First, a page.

Last week in my series working through the Gospel of Matthew I mentioned Jesus’ response to Peter’s question asking how many times he should forgive someone who sins against him.(Matt 18:21-23) Peter characteristically proposed an answer he thought Jesus would be pleased with – a generous seven times! Jesus quickly countered with, “seventy times that!”
The translation from the Greek can read “seven times seven”, “seventy times seven” and “seventy seven times seven.” Thank you for those who pointed out my appalling maths.
(For those interested:
7 x 7 = 49
7 x 70 = 490
7 x 77 = 539)
But the total is not the main point. Jesus’ aim was to make the point that there are no limits to be set on forgiveness. To make sure the point was made he went on to tell a parable – the parable of the unmerciful servant in Matthew 18:21-35. There was a man who owed an enormous sum of money – the equivalent of 20 years of fulltime wages. He is forgiven this enormous debt but could not bring himself to forgive his neighbour who had a very small debt in comparison, about 20 days of wages.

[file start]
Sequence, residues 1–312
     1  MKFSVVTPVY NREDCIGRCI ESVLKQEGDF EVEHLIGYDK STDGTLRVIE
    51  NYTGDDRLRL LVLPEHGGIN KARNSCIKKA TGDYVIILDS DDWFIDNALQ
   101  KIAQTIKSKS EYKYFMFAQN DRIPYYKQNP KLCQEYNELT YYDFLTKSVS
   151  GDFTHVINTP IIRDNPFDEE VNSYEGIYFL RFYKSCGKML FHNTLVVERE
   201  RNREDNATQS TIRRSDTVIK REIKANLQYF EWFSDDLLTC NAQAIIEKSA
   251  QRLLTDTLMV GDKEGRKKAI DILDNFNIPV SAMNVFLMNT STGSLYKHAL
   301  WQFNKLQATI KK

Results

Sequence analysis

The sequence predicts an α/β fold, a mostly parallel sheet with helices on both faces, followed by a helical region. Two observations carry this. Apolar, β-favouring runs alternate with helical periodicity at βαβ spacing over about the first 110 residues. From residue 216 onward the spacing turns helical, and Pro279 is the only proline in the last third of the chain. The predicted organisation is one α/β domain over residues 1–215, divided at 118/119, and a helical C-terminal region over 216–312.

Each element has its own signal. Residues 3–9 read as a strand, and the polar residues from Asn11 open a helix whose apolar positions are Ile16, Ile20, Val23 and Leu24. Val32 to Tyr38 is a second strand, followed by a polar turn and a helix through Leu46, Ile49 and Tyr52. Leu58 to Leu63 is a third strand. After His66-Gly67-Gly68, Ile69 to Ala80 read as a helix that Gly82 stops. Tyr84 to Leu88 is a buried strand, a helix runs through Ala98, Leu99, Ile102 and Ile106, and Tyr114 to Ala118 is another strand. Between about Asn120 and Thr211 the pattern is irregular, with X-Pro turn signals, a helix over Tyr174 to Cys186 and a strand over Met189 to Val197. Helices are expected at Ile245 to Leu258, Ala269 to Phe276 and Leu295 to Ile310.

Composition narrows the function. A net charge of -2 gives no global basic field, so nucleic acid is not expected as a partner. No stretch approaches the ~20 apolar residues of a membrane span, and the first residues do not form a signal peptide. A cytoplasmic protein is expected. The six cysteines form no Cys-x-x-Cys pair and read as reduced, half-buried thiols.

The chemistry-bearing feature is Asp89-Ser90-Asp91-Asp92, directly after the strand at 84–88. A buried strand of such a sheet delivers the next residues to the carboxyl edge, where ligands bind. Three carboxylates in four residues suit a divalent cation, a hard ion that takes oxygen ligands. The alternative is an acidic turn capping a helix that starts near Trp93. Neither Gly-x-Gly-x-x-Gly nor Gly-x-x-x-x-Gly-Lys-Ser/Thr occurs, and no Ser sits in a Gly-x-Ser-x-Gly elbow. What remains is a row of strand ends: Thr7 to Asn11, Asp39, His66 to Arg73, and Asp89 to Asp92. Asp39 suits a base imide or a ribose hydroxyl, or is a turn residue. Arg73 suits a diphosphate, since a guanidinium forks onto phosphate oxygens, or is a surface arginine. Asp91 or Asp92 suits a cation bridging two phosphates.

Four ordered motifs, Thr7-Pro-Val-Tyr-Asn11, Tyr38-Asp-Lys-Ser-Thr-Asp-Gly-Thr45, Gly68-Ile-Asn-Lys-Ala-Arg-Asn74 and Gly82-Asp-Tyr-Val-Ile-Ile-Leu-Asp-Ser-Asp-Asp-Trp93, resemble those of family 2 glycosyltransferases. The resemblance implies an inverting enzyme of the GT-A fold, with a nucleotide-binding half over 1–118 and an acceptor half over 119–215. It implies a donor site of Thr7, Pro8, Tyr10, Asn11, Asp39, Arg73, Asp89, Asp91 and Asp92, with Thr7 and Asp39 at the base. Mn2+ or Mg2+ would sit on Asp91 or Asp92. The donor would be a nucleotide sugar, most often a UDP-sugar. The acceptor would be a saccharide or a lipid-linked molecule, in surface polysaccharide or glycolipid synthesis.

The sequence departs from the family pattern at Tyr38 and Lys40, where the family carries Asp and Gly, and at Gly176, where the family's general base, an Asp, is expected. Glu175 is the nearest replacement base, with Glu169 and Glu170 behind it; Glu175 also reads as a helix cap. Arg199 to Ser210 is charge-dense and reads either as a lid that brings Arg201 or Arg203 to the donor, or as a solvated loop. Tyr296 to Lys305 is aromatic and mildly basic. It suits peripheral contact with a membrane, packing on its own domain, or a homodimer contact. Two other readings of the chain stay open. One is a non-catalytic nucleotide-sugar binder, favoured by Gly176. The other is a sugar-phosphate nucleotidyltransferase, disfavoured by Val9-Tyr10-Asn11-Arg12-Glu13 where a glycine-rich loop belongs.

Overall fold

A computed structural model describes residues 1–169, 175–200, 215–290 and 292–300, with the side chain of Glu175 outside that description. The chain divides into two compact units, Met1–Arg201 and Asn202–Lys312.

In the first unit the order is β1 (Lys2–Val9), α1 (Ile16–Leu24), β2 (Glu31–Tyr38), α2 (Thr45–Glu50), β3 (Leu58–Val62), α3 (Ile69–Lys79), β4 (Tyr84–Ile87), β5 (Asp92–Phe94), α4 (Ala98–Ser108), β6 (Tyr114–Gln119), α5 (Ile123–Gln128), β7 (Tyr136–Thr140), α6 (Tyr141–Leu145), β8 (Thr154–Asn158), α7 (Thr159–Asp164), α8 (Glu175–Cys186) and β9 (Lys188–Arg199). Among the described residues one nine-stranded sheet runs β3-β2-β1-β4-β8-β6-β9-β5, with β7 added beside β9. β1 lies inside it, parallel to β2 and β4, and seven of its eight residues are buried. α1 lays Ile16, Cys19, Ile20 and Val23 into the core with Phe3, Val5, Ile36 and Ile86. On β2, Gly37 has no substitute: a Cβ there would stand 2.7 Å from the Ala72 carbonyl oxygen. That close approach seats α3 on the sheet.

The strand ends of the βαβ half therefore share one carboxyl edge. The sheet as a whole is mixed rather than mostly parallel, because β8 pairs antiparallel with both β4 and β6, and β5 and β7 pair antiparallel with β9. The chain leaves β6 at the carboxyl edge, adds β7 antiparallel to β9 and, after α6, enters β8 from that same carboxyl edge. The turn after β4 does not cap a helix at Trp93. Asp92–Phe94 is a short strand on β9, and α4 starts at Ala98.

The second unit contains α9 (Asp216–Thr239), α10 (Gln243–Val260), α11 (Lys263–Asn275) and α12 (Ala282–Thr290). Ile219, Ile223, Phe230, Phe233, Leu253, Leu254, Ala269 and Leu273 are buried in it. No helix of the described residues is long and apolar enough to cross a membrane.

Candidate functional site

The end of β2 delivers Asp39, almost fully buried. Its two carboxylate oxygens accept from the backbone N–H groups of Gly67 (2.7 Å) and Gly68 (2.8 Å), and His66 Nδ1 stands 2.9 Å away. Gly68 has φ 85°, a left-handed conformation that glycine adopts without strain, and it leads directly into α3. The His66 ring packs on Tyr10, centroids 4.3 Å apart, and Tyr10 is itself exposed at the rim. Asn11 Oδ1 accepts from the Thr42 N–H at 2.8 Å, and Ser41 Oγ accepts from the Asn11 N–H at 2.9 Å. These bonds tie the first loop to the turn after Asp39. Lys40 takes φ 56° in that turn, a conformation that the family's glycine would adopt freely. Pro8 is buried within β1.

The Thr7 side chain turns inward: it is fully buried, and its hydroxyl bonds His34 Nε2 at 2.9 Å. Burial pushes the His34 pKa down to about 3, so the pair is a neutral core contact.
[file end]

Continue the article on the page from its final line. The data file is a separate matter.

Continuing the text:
The contrast is great and Jesus’ point is clear. Peter has been forgiven a great debt by God, and any sin against him pales into insignificance compared to God’s generosity.
God has forgiven us a debt we can never pay. He has forgiven us our sin through the obedience of Jesus dying on a cross. We who have been forgiven such a great debt must forgive those who sin against us. How many times? Seven? “No,” says Jesus, “you never stop forgiving!”
In fact, the prayer Jesus taught his disciples to pray implies that if we do not forgive our fellow man we cannot expect God to forgive us. As we accept God’s mercy to us, we pass that mercy on to others.
Let us pray that God will teach us how to be kind and forgive others as God has forgiven us.
Stephen L Baxter